Krystle Koch of Fort Riley has thrown her name in the ring for a position on the USD 475 Board of Education.

She said she chose to run for school board because she wants to be involved with the district.

“Just in my time here, I’ve seen a few different issues within the school district that are concerning to me and it just kind of compelled me to want to see if I could help change them,” Koch said. “This area kind of reminds me of where I grew up — in the small town community and everything — and so I just feel kind of like — even though I’m a military spouse and whatnot — I instantly felt a connection to this area.”

Koch said talk of school closures last year was one issue that spurred her to run for office.

Last year, the district entertained the thought of closing two school buildings — Franklin Elementary School and Grandview Elementary School — before ultimately deciding against it. This school year, however, though the building will remain open, Franklin Elementary Students will not return to their school as students and staff from the building are moved to other schools in the district.

“I became really passionate about it,” she said. “I went on a campaign to try to get information out about the different reasons that they were saying they were closing — with the heavily impacted aid and things like that — to make sure that the community was informed about what was actually going on.”

Koch said she believed incorrect information was being put out into the community about military impact aid.

“It just really impassioned me to want to keep trying to make those changes and (keep) the communication with the community and everything open like I feel like it should be,” she said.

Issues that are “near and dear” to Koch’s heart include special education, mental health, poverty and overcrowding in schools.

“A lot of the issues that a lot of the community have with the school district in general are things that I’m incredibly passionate about anyway,” she said. “That’s why I’ve been trying to spend a lot of my time working with different organizations that echo what my concerns are and what I hope to help with the community.”

Koch said community members encouraged her to run for school board.

She knows there will be challenges because she is not originally from Junction City. Koch said she has been trying to meet community members and build connections, volunteering with the local United Way and trying to be helpful.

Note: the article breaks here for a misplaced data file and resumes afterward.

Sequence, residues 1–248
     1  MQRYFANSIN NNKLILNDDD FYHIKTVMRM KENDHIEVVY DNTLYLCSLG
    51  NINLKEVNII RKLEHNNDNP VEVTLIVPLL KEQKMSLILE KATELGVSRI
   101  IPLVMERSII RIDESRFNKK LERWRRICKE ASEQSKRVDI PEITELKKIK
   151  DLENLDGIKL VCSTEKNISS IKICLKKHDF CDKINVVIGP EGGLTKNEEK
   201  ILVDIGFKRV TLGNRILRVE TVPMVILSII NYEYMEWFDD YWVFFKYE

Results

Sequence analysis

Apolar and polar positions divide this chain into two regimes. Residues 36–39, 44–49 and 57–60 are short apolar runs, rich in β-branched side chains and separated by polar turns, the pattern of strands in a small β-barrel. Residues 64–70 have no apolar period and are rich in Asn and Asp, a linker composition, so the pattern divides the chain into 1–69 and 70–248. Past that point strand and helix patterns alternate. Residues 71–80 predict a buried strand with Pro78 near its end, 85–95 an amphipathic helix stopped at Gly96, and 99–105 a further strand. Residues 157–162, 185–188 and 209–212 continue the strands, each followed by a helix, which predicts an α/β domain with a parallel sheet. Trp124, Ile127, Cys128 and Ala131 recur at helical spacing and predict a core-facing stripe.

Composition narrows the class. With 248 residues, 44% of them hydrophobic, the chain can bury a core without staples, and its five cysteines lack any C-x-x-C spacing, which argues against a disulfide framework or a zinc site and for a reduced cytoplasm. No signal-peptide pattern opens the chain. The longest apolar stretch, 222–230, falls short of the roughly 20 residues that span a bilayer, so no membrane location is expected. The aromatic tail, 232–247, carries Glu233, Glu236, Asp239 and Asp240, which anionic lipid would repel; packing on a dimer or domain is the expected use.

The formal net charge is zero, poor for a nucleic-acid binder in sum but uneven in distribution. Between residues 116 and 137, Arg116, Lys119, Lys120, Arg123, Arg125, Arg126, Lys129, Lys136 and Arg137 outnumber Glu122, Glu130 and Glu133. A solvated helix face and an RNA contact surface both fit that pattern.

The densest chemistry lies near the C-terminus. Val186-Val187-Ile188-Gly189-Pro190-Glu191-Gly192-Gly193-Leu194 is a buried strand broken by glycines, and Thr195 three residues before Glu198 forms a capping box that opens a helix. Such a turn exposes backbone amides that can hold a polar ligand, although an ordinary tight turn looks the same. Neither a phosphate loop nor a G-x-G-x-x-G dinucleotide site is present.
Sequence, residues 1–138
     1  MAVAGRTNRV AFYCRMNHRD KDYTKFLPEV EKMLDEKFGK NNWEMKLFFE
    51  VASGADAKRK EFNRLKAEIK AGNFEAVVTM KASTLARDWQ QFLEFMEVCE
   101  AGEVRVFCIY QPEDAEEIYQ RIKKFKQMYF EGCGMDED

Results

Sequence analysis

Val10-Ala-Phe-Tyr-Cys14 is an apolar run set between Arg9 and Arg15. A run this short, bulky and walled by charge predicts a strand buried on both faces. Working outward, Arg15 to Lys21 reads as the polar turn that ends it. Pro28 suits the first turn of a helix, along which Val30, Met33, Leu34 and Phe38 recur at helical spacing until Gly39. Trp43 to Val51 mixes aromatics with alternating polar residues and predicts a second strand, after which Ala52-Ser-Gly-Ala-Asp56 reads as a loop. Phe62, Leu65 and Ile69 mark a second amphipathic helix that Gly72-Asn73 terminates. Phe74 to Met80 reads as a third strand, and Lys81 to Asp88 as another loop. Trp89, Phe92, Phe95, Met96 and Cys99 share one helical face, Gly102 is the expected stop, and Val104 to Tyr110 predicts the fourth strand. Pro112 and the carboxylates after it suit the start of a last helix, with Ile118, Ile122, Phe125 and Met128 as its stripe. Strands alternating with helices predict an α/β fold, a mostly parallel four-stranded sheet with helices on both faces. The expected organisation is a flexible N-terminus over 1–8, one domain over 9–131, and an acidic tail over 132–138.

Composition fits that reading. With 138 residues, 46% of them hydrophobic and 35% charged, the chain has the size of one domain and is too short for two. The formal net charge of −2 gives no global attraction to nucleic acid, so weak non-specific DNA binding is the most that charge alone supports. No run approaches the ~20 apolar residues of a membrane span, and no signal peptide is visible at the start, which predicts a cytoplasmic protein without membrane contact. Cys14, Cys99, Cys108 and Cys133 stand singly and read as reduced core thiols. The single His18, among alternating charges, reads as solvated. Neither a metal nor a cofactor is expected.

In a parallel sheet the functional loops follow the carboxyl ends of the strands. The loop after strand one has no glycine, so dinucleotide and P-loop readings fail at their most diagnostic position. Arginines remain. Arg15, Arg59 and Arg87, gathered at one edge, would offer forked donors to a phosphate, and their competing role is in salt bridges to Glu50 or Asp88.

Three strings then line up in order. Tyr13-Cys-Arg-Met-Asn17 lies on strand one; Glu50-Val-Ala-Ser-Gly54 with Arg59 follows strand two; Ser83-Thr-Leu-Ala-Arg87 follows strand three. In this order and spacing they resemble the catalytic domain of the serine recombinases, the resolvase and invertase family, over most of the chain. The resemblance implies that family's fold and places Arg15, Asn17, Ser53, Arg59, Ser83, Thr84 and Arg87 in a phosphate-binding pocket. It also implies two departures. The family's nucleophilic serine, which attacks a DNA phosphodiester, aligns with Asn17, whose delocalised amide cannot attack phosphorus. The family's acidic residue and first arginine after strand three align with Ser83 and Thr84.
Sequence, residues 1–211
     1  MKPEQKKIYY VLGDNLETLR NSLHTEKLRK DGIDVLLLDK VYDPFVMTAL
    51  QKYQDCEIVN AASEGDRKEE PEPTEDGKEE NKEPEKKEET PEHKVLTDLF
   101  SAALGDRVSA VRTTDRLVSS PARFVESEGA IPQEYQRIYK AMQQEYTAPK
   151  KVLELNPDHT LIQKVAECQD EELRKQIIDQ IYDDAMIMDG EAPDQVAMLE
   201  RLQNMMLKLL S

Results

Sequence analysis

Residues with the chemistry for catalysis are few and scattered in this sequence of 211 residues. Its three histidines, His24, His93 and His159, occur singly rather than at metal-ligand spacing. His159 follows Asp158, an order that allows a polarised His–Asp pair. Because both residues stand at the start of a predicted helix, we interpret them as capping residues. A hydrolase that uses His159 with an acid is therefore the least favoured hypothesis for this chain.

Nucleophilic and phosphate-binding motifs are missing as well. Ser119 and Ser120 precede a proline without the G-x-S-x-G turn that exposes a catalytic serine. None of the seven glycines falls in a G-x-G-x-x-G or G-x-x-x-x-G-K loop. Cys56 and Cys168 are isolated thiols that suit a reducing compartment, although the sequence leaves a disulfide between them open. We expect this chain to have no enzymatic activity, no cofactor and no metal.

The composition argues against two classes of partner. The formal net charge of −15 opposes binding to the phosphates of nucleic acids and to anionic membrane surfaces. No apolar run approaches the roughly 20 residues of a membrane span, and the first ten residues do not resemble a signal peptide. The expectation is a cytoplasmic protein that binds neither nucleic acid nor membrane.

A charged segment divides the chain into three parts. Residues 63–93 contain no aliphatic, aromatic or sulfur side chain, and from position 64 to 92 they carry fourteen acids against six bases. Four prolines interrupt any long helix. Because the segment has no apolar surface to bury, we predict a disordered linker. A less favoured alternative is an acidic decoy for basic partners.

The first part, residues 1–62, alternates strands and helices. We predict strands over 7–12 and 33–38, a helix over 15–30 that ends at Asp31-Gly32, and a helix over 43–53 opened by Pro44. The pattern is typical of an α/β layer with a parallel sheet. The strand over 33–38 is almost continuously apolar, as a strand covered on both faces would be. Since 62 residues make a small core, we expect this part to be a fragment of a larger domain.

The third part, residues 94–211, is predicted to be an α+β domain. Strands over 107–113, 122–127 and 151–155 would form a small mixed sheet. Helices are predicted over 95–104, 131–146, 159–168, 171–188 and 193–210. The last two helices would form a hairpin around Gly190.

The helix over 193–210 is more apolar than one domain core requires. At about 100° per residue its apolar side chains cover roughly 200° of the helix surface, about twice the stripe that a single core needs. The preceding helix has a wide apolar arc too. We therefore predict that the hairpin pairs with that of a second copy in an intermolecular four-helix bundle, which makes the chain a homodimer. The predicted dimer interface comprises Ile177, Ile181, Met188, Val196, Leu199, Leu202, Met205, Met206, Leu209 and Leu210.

If elected, she plans to try to improve communication between Fort Riley and the Junction City/Geary County community.

“There is a big disconnect between the military base and the surrounding area,” she said. “It kind of breaks my heart because I feel like all of Geary County, Milford, Junction City, Grandview Plaza and Fort Riley — all of us have so much to offer each other. But for some reason, there’s just this disconnect between them and if there’s one thing that I’ve always been really good at, it’s just going out there and meeting with people, building communities. I’m an extremely transparent person as far as my beliefs — sharing information. (I’m) open to talking to people. And so I would really love to take the time to really build those connections back and really focus on the issues that affect the entire community — not just one particular group.”

Koch said she has spent her campaign meeting with community members and different groups, trying to find out what they need from the district and what changes they would like to see.

“I just really look forward to putting those things into play and bridging those gaps and making sure that everybody actually feels like they matter and have a voice and the changes will benefit everybody and not just any one particular group or another,” she said.

Koch said there was a possibility she might have to leave the community at some point during her term because she is a military spouse. She does not know when that might be, just that it’s possible.

This did factor into her choice to run, she said.

After community members told her to file for election anyway, she decided to run.

Koch has two children in the USD 475 school system, including a child going into fifth grade at Seitz Elementary School and a child who will begin kindergarten this semester.

She invites people to seek her out if they want to talk to her about their issues or to ask questions.

“I just really would love to meet as many people and really find out what the concerns are with people and really just be a voice for people,” she said. “One thing that I’ve noticed a lot in speaking with people in the community is that there’s a lot of people that want to speak out or that have issues, but don’t feel that they have a voice in the community or they don’t feel that their voice would be heard even if they do speak out and I just — I’ve always been loud.”

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